• Whether from dehydration, room temperature, anxiety or medication

Waking up in the night can disrupt rapid eye movement (REM) sleep, which many researchers hypothesize may be a critical stage of sleep. Recent studies suggest REM sleep may be partially responsible for our ability to recognize emotions in others and our ability to remain calm in the face of fear. Studies also suggest that dreaming, which occurs most vividly during REM sleep, may have effects on memory and mood.

“I Can’t Wake Up”

“I’ll just snooze my alarm and get a few more minutes”… *Wakes up one hour later panicked and late*

If the above seems familiar, then we’re three for three on shared experiences!

People with ADHD often have difficulty waking up, referred to as sleep inertia, and probably have a pretty familiar relationship with the snooze button.

Interestingly, despite the thorough number of studies on difficulty falling asleep, I found fewer scientific explanations for reasons it can be difficult to wake up. I feel we will need to extrapolate a bit from the information we’ve already reviewed:

  • Grogginess upon waking can occur when a person is abruptly woken from REM sleep
    • This is the last of the four stages of sleep
    • If you wake up multiple times in the night, your REM sleep may be occurring closer to the time your alarm goes off in the morning
  • Grogginess can also occur when the quality of sleep has been bad
    • This is common for people with sleep apnea, or for people who wake up frequently
  • It’s difficult to wake up when you haven’t had enough sleep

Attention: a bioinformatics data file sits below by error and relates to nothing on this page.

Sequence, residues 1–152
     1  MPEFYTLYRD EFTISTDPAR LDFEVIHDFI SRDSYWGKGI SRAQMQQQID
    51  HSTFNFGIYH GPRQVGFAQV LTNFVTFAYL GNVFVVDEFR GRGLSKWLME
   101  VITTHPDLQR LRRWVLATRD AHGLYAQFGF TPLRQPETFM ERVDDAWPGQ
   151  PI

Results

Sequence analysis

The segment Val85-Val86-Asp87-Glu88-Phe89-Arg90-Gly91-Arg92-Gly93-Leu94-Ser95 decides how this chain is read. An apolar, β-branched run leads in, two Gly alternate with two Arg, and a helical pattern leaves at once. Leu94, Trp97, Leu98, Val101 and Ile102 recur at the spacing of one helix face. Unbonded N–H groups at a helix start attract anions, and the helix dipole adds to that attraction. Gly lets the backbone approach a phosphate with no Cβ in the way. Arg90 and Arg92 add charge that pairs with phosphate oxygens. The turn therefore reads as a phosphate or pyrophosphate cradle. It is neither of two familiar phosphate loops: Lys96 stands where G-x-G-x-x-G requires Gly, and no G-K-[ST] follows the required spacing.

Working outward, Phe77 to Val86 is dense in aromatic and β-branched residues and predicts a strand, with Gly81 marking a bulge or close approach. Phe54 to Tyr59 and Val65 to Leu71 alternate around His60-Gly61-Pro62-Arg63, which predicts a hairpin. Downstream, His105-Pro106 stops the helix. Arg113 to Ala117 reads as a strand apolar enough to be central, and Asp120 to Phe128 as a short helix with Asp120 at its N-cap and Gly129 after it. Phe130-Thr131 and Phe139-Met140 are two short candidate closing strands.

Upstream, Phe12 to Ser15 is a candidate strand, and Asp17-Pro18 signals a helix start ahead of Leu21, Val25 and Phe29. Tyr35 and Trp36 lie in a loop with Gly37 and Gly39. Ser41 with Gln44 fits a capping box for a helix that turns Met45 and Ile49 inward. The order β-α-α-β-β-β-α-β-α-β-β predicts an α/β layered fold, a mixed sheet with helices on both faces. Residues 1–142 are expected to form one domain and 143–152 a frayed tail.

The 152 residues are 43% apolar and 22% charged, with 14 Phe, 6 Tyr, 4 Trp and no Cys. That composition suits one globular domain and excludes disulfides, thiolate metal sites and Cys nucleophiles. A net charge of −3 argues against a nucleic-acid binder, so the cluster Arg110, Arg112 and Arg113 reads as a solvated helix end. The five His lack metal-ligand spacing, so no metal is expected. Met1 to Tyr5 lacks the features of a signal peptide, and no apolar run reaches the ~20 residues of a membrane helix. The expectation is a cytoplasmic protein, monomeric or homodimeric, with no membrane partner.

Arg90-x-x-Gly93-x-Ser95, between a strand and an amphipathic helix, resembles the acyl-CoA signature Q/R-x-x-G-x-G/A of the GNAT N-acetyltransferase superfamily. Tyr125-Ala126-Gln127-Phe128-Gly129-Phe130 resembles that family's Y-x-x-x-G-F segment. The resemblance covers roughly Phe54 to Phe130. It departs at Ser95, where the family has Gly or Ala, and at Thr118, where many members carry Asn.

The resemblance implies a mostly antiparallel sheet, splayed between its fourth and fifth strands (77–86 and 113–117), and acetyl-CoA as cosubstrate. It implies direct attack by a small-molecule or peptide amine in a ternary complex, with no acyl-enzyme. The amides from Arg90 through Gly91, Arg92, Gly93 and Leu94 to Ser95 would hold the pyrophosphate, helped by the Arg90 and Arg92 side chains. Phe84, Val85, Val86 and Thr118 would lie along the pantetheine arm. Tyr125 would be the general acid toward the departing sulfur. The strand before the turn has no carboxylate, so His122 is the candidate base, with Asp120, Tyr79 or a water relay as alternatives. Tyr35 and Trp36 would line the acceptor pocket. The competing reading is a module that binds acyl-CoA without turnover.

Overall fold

• Most people seriously underestimate how much sleep they need
    • It’s difficult to get the right amount of sleep when you can’t anticipate how long it will take to fall asleep on any given night

“I’m Falling Asleep in Meetings”

Have we made connect four?

If you also have difficulty staying awake through the day – especially in the mid-afternoon – again, it’s not uncommon.

Remember the circadian rhythm? Keep in mind it’s a 24-hour internal clock and it’s responsible not just for making us tired at night, but also occasionally during the day.

Most adults report being tired in the mid- to late afternoon, not just those with ADHD. So, the post-lunch grogginess is very typical, but it may be exaggerated in those with ADHD – likely because of other sleep problems. While it’s normal for you to want to zone out around 2pm, if you feel like you really struggle to keep your eyes open, it could be caused by your general sleeplessness at night.

But many with ADHD may find they are tired other times of the day, and the exhaustion may come on suddenly, even in the middle of an activity. This could be caused by serious under-stimulation. If you’ve ever fallen asleep in a lecture, meeting, or other classroom-type setting, it’s essentially boredom so extreme that you can no longer stay awake – probably compounded by fatigue from poor sleep

But Why Do We Suffer So?

Sadly, I have no easy answer for you.

There are many theories, but no specific cause for the sleeplessness we experience.

It may be a matter of executive dysfunction – our inability to activate ourselves to go to sleep or to stay awake. It may be that difficulty with sleep is just another manifestation of ADHD based on brain structure, and dopamine levels and transmission. Or, it could be caused by time blindness, which is so internalized that even our circadian rhythm is affected by it.

It seems too that there’s a vicious cycle that occurs with ADHD and sleep. ADHD causes problems sleeping, which exacerbates our ADHD manifestations like memory and attention, which stresses us out, which makes it harder to fall asleep because we’re anxious, and so on.

Ready to get better sleep? Head over to Part 2 for some tips on improving your sleep hygiene!

References, in no particular order or citation style: